Q: Give an example of a time when you used excellent customer service skills to achieve a positive result.

Situation:

I am really good at giving great customer service. I like to go the extra mile to meet the customer's needs.

Task:

For instance, last month I was working with a customer who had a complaint about an online delivery she'd received, since she'd been delivered the wrong parcel. My task was to try and find out why this error had been made, and to try and correct it for the customer.

Action:

I apologised to the customer and assured her that I would do everything that I could to ensure she received the items she had initially ordered. Through looking at the delivery records, it was clear that the delivery team had made a mistake. I took action by giving the customer a full refund and sent the correct items to her home, free of charge. I also informed the manager of the mistake, to try and ensure that such an error would not occur again.

Result:

The result was that the customer was happy with the way that I handled the situation. She thanked me for the refund, as well as free delivery to home, as this is something that we do not usually offer. This is a good illustration of my commitment to providing excellent customer service.

Using STAR is recommended as it enables you to answer each question using a story that draws upon relevant examples from your experiences to date, to show the employer that you have the qualities they're looking for. You'll also notice that the answer makes use of the pronoun "I", not "we". This is an important feature of STAR answers. Employers want to see what you are capable of, and not someone you once worked with ages ago, so show it.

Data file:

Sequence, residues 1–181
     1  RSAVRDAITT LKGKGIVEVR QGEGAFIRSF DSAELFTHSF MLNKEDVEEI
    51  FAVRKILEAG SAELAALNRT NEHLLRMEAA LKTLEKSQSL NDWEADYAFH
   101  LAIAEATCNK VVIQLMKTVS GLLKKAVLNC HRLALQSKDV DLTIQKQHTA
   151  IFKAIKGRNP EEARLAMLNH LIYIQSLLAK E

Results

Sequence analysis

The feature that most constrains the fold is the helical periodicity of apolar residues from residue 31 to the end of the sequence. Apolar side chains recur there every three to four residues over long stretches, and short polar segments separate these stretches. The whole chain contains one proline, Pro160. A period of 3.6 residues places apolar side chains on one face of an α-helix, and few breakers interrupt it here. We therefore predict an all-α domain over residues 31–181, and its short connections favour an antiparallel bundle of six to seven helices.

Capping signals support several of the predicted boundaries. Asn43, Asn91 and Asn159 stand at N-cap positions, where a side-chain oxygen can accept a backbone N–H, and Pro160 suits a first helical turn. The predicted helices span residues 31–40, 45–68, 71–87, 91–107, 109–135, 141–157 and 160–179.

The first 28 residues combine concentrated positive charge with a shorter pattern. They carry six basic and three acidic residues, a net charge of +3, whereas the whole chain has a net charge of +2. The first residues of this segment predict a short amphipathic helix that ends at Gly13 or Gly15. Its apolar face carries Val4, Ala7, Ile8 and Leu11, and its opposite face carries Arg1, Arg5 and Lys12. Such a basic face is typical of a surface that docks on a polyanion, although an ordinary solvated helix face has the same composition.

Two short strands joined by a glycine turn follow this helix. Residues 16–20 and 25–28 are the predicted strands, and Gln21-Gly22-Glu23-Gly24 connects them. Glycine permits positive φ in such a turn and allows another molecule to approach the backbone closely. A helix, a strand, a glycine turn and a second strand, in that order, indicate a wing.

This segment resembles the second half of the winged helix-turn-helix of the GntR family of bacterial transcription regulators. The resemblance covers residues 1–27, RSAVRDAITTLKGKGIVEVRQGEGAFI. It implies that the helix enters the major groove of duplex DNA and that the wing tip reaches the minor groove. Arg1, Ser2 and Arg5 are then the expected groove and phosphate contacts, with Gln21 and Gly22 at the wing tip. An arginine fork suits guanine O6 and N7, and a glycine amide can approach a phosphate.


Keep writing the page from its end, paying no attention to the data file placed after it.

Practice and repeat: Remember, you might be a brilliant fit for the job, with the skills and experiences to match. Heck, you might even be a cracking communicator with whip-smart humour and your presentation prowess on fire. However, if you don't get this across during your interview, the recruiters aren't to know. Therefore, it’s up to you prepare for the questions that might appear, and to practice answering them using STAR. Repeat your answers aloud, in a clear and confident voice, just as you might use in the interview. Remember to talk slowly to allow you pace yourself and keep calm. You can practice giving your answers aloud either to a friend, by yourself, or recording yourself. Ask your friend to provide you with feedback on tone and clarity. Or, you can use the recordings to test yourself and make your own judgements.

Stay cool: The final tip is just that – stay cool! That means doing whatever you need to keep your peace of mind in check. You want to enter that interview room as cool as a cucumber, not a hot mess. Wear an outfit that you’re comfortable in, with shoes you can walk in. Oh, and don’t spend the night prior worrying yourself into a right sorry state. Netflix and chill is probably the way to go. In the morning, try visualising yourself entering the interview room, greeting the panel with your best smile, and a nice warm handshake. See? Nothing to worry about here. Chill please, you’ve got this.